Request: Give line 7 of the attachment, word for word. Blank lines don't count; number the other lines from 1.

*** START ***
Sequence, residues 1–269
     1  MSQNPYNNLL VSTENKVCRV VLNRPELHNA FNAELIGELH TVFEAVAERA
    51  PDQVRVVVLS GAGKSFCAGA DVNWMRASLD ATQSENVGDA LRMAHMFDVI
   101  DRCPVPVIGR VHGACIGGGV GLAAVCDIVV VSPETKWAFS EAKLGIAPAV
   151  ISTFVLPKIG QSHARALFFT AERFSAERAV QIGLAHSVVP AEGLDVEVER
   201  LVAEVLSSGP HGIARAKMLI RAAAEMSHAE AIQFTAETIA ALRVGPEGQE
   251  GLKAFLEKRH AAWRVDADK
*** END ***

   251  GLKAFLEKRH AAWRVDADK